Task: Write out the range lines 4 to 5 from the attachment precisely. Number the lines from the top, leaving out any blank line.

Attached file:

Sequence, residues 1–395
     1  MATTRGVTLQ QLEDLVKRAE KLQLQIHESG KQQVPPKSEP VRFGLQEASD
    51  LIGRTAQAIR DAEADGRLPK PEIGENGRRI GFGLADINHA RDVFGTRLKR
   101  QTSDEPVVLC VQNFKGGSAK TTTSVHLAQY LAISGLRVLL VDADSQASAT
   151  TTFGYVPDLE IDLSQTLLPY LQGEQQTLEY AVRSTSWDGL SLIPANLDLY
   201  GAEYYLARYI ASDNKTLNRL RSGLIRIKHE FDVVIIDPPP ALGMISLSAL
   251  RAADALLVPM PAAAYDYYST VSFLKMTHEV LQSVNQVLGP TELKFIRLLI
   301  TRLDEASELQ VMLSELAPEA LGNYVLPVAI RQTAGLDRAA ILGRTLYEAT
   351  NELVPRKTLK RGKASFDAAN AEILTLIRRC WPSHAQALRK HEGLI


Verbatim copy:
   101  QTSDEPVVLC VQNFKGGSAK TTTSVHLAQY LAISGLRVLL VDADSQASAT
   151  TTFGYVPDLE IDLSQTLLPY LQGEQQTLEY AVRSTSWDGL SLIPANLDLY